Congratulations, you’ve secured research funding and performed your experiments. Now we have to let everybody else know. Here’s how to write that all-important scientific manuscript, working with your grant application as a starting point. (You worked really hard on writing that application!) Your funders want to see their money at work – it’s important to publish those results. And the publications will help secure your next grants.
First comes Results, then comes Methods…
Don’t write in the order that you did the work, necessarily. We all know you have to set up your experiments first and then collect Results, and that’s the way the story usually flows when we’re reading a manuscript. But, when you’re writing the manuscript, start with the Results section.
Now you have Results!
In the grant application, you presented preliminary data and expected results. Check those first to see whether the preliminary data are relevant to include in the manuscript. Then fill in the other important data that line up with your expected Results, adding in any new sections as needed.
I like to format my figures and graphs first, and then use those images to help to fill out the Results text. Describe what you see, noting any important features, especially ones that warrant discussion later on. You may now realize that there are some results that need to be presented in more detail (plot the data another way; do a subanalysis), and some others that can be omitted from the manuscript.
Did you actually do what you said you would?
Chances are that the experiments you actually conducted were at least slightly different from what was in your grant application. You’ll need to add in those sections or details for the new experiments that weren’t proposed in your application.
Maybe you made a nice diagram of your experimental setup for the grant application (wink; if you’re working with Meg, I know you did) – if the diagram still applies here, use it in the manuscript! (As long as the diagram adds something or simplifies the amount of text you need, because you’re potentially using up 1 figure allotted by the journal format.)
Also, you may not have written the details of the experiments in the grant application in quite enough detail for another researcher to replicate the experiments. Time to add those details into the manuscript. Use your grant application as a starting point and think of it as the framework around which to build out a full Methods section for the manuscript.
Aka, the Discussion. Help the reader understand why they should care about the data you just showed them. You probably setup some of these points in the Significance and Innovation sections of your grant application. Now that you have Results, go back to your significance statements and see if you think they still apply. Are there unexpected (hopefully exciting) Results that add to the potential ‘So what?’ here? And don’t forget the Limitations, we all have them, including our experiments.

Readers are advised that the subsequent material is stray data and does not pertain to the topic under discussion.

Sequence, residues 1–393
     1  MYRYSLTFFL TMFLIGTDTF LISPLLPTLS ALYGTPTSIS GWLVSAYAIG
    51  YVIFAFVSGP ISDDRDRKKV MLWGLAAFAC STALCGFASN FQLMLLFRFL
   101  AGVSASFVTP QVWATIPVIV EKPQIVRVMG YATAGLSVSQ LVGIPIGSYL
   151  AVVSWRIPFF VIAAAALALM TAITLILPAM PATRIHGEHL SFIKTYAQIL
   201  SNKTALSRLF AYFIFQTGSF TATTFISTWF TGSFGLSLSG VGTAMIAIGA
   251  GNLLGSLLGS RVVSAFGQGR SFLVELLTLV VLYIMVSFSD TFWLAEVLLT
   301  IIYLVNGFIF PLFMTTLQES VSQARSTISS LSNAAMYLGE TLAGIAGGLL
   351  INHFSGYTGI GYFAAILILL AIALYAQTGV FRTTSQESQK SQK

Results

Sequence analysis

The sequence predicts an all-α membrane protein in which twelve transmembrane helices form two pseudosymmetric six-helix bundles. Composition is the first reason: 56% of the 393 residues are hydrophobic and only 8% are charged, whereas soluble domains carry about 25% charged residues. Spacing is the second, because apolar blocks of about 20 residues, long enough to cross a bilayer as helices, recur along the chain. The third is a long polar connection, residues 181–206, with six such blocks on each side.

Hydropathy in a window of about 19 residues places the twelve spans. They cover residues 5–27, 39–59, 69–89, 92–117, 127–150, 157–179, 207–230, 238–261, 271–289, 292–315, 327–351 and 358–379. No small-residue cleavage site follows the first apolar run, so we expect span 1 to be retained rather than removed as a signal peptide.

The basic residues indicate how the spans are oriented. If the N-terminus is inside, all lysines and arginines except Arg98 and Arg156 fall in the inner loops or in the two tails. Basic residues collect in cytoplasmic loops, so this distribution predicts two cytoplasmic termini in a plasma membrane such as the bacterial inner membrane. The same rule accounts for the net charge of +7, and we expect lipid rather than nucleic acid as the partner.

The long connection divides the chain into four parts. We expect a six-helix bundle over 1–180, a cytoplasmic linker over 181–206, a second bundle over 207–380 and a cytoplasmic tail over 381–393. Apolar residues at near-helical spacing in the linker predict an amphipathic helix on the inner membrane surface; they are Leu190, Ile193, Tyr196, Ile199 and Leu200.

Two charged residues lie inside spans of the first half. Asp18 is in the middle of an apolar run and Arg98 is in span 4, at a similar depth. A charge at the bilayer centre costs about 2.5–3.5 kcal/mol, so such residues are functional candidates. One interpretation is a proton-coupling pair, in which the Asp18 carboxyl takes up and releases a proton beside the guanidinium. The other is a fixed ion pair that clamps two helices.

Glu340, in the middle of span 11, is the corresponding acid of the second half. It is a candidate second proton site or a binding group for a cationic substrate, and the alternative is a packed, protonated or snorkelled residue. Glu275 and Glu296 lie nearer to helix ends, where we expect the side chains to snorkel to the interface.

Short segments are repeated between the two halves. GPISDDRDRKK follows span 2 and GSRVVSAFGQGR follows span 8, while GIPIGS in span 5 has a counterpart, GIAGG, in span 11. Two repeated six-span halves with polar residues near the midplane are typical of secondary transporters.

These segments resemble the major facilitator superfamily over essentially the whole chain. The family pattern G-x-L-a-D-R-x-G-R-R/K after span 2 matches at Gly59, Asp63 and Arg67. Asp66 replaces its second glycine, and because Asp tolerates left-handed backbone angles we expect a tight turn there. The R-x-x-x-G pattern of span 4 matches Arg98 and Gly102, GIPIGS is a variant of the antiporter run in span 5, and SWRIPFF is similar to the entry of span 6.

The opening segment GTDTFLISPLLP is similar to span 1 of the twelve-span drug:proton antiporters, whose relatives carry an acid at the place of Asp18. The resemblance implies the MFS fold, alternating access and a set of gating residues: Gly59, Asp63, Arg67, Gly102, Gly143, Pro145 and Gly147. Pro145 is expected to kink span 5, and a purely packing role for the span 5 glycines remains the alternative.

You know which papers are the canon for your field of work – cite them. You know which papers are potentially conflicting with your new data, or are disputed in the field – cite them as needed, and I would argue not to pick a fight on paper; you never know who your peer reviewer is going to be at the journal or if that researcher will be reviewing your next grant application (in which you cite this manuscript). Also, look back at the comments you received on your grant application to see if there were any related papers or researchers mentioned that may be wise to cite in your manuscript.
And finally, the beginning.
Now that you know where you ended up with Results and why they’re important (Discussion), you can write the Introduction. The goal is to write it in a way that properly frames the problem to solve or the need for these experiments and sets up the logical flow of the story from Introduction -> Methods -> Results -> Discussion.
The Snapshot and the Takeaway
When the body of the manuscript is written, you can write the abstract. You should put in a few key details of Results here, but generally the Abstract should be a good summary of the whole paper, including a brief setup of why this work is needed. Make sure you have your key takeaways from the manuscript in the abstract, in case a reader is just skimming the article.
The Big Picture
As scientists, we can all get so focused on the details of the work that we don’t pay as much attention to the big picture. Put your manuscript down for a few days, then go back and reread your manuscript from start to finish. Better yet, have somebody else with a fresh set of eyes read it.
It should feel like you’re walking your readers through the topics logically so they don’t have to work hard to understand why they should keep reading. Having read many thousands [tens of thousands?] of journal articles, I know the very real feeling of scratching my head or zoning out and having to re-read a section multiple times because the manuscript wasn’t clearly laid out. You don’t want to do that to your readers. For more tips on writing scientific or medical publications, check out Agnella’s work at aimbiomedical.com.